Sign in or start a free trial to avail of this feature.
11. Naïve Bayes
In this lesson you will learn how to deploy the Naïve Bayes probabilistic classifier.
- Naïve Bayes is a machine learning technique that attempts to partition data according to a probability distribution
- This model assumes that all predictor variables are independent of each other
- This tool is most useful in cases where the size of the training set is small.
In our look at predictive modeling tools available in Alteryx, we've so far incorporated a decision tree model, boosted model, forest model, and neural network.
We'll now incorporate a fifth variety to round off our analysis, the Naive Bayes tool.
Naive Bayes is a machine learning technique that attempts to classify or partition data according to a probability distribution. It's an example of a probabilistic classifier. As the name suggests, probabilistic classifiers attempt to classify or partition the data according to a probability distribution. This technique assumes that all predictor variables are absolutely independent of each other. Hence the name, naive.
In reality, we know that this is often not the case. The Naive Bayes tool can be useful in cases where the size of the training set is small. We'll navigate to the predictive tab on the tools palette and bring a Naive Bayes tool onto the canvas. Again, we'll connect it to the estimation set as signified by the E-node on the create samples tool.
We'll name this model Naive_Bayes, and target Grant_Status.
As we've done previously, we'll choose six predictor variable fields for our analysis. Grant.Category.Code, Contract.Value.Band, With.PHD.1, No.of.Years.in.Uni.at.Time.of.Grant, Number.of.Successful.Grant, and Number.of.Unsuccessful.Grant. We'll now need to connect a score tool, formula tool, and summarize tool to calculate the confusion matrix just as we did with the other models. We'll copy these tools, paste them, and connect the score tool to both the Naive Bayes tool as well as the validation set from the create samples tool. Next, we'll navigate to the formula tool and change the model name to naive_bayes.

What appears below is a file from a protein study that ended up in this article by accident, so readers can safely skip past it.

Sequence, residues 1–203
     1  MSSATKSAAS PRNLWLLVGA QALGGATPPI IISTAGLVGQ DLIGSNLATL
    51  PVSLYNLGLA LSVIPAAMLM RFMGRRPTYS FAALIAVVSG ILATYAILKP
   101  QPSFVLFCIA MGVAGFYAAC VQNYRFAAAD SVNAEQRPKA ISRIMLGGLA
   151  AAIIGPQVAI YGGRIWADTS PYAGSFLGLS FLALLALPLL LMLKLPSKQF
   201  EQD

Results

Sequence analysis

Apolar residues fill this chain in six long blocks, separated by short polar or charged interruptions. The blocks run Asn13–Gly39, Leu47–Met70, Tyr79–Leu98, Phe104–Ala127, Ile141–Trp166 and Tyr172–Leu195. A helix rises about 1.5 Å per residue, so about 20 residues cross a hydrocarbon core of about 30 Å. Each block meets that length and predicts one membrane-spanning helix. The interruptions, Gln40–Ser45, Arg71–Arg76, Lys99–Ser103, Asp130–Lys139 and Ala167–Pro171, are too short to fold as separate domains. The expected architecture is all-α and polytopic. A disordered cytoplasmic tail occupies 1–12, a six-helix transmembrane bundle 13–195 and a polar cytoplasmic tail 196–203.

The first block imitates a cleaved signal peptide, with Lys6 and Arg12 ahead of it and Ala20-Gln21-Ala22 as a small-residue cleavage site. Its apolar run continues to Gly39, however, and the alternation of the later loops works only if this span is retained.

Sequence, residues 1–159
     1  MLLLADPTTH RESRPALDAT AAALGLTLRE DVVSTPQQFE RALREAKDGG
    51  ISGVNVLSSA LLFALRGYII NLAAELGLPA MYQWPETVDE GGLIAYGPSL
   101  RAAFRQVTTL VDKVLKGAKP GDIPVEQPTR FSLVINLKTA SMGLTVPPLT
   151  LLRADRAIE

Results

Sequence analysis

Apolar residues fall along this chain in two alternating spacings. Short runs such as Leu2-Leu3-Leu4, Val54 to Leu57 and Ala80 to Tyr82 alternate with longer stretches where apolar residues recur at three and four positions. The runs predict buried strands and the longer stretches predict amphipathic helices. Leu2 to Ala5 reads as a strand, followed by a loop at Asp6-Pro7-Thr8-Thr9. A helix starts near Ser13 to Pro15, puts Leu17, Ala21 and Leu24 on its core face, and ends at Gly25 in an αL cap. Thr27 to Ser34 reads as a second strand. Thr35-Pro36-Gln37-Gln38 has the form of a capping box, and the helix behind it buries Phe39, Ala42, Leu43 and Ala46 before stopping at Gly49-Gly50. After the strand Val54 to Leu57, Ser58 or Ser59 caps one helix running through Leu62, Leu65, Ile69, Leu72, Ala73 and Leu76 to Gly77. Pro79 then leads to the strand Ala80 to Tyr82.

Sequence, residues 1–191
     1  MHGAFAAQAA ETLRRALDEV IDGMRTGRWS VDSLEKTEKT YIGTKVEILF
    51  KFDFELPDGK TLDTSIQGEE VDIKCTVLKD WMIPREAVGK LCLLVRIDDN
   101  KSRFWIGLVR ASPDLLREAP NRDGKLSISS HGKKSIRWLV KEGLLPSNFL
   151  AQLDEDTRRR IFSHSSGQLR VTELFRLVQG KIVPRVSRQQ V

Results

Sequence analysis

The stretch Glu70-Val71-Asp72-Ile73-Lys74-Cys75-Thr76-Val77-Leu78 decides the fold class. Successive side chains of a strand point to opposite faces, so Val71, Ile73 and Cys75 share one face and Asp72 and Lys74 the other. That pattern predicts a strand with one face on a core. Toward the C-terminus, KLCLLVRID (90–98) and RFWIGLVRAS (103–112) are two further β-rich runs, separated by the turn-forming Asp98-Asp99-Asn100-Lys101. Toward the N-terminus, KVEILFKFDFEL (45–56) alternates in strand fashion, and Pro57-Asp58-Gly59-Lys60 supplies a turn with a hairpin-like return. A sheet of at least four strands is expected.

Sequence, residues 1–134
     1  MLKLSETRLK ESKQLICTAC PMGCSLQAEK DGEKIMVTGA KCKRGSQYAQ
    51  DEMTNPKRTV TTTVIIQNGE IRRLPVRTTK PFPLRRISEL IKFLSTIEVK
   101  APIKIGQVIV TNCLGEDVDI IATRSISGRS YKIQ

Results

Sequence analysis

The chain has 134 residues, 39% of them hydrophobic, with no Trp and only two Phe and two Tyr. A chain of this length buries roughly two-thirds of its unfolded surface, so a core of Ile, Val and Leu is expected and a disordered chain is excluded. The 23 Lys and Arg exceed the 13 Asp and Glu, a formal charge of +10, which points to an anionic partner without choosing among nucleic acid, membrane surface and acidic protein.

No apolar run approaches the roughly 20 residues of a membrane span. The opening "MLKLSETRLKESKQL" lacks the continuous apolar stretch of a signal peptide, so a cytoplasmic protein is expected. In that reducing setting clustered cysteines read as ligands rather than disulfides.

We'll now run the workflow to ensure that the confusion matrix is calculated. As with the previous calculations, this can take a bit of time to process, so I'll skip ahead in this video. At this point, we'll navigate to the output node of the summarize tool, and see that we have a single line containing our confusion matrix values. Before we end the lesson, let's put this model in its own container. We'll select these four tools, right-click, and select Add To New Container.
We'll name this container Naive Bayes Model.
Now that we've gone through all these modeling options, we'll compare them in the next lesson to determine the preferred models to deploy on future grants data sets.